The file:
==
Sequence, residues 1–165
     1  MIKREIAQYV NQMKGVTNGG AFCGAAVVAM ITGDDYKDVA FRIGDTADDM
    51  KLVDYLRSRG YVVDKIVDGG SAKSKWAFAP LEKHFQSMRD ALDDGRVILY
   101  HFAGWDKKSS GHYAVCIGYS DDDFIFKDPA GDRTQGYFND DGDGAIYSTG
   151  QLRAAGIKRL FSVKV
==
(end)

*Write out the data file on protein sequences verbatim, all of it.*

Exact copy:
Sequence, residues 1–165
     1  MIKREIAQYV NQMKGVTNGG AFCGAAVVAM ITGDDYKDVA FRIGDTADDM
    51  KLVDYLRSRG YVVDKIVDGG SAKSKWAFAP LEKHFQSMRD ALDDGRVILY
   101  HFAGWDKKSS GHYAVCIGYS DDDFIFKDPA GDRTQGYFND DGDGAIYSTG
   151  QLRAAGIKRL FSVKV